In HIS 5595, we will analyze the changes that new media and technology tools are bringing to the field of history.
The “digital shift” of the last three decades has raised interesting possibilities and questions about how we can research, write, learn, and teach about the past. Participants will explore key theoretical and historical issues linked to this digital shift, examine the designed uses (and re-appropriations) for a variety of digital tools, and develop new skills that could prove useful for your work as historians. You will not only engage in class discussions, but also “do” history online through social media, storytelling, visualizations, and other digital platforms.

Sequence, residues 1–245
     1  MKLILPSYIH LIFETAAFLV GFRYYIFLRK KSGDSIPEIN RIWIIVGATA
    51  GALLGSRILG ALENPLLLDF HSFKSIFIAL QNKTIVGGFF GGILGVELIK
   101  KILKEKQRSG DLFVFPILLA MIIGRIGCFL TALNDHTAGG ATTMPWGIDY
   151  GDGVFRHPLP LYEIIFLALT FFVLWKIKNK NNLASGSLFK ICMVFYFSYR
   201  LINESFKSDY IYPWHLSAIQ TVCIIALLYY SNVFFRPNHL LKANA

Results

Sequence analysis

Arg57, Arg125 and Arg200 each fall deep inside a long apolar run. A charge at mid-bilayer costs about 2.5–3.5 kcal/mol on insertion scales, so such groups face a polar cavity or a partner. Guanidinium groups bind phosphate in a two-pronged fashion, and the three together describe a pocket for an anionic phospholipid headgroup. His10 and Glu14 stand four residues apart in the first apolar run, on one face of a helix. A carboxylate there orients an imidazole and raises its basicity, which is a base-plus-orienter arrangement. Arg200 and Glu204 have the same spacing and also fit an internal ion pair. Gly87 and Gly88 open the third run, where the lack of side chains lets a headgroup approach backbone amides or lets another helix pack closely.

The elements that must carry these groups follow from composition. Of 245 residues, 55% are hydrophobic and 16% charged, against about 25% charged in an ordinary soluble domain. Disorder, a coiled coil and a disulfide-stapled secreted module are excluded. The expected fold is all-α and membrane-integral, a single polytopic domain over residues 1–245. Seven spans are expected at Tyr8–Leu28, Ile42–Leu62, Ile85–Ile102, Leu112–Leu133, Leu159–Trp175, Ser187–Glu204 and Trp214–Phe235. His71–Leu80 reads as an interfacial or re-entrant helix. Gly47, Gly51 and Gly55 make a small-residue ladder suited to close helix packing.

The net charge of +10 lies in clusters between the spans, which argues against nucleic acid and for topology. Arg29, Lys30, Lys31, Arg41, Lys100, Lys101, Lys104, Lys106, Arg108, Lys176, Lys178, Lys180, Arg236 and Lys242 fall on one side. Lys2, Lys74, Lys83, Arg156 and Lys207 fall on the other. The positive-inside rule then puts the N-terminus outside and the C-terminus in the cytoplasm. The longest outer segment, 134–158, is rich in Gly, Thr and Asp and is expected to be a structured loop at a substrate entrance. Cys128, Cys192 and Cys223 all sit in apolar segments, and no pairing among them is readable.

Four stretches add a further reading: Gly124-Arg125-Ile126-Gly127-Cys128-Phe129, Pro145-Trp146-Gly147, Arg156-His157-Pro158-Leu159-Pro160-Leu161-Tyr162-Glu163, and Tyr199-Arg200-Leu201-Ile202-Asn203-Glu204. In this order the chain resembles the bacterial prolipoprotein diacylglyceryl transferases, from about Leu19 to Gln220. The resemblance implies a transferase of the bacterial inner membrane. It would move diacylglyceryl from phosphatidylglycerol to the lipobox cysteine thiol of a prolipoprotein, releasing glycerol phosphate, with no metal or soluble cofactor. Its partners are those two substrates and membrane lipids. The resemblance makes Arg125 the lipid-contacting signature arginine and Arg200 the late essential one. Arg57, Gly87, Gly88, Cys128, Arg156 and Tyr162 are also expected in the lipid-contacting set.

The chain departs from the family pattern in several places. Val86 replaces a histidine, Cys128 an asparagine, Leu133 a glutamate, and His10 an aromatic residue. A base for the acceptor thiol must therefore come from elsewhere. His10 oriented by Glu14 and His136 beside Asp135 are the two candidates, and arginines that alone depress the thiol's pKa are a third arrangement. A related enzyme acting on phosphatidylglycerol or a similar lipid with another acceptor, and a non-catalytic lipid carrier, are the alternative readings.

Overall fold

To this end, we will discuss how digital tools affect research, scholarship, engagement with diverse audiences, and how we deal with sources. Readings will include a broad range of topics that shows the expansive nature of digital history.
To evaluate the ways in which digital tools have (or have not) transformed the field of history
Specific objectives for this course
1. Participants should be able to…assess in what ways digital tools have reshaped the history profession
2. Participants should be able to…think critically about how technology shapes our access to and interpretations of the past (incl. ethical concerns)
3. Participants should be able to…identify specific tools for rethinking how we research, teach, produce, and learn history
4. Participants should be able to…develop a sense of their own “digital” identity as historians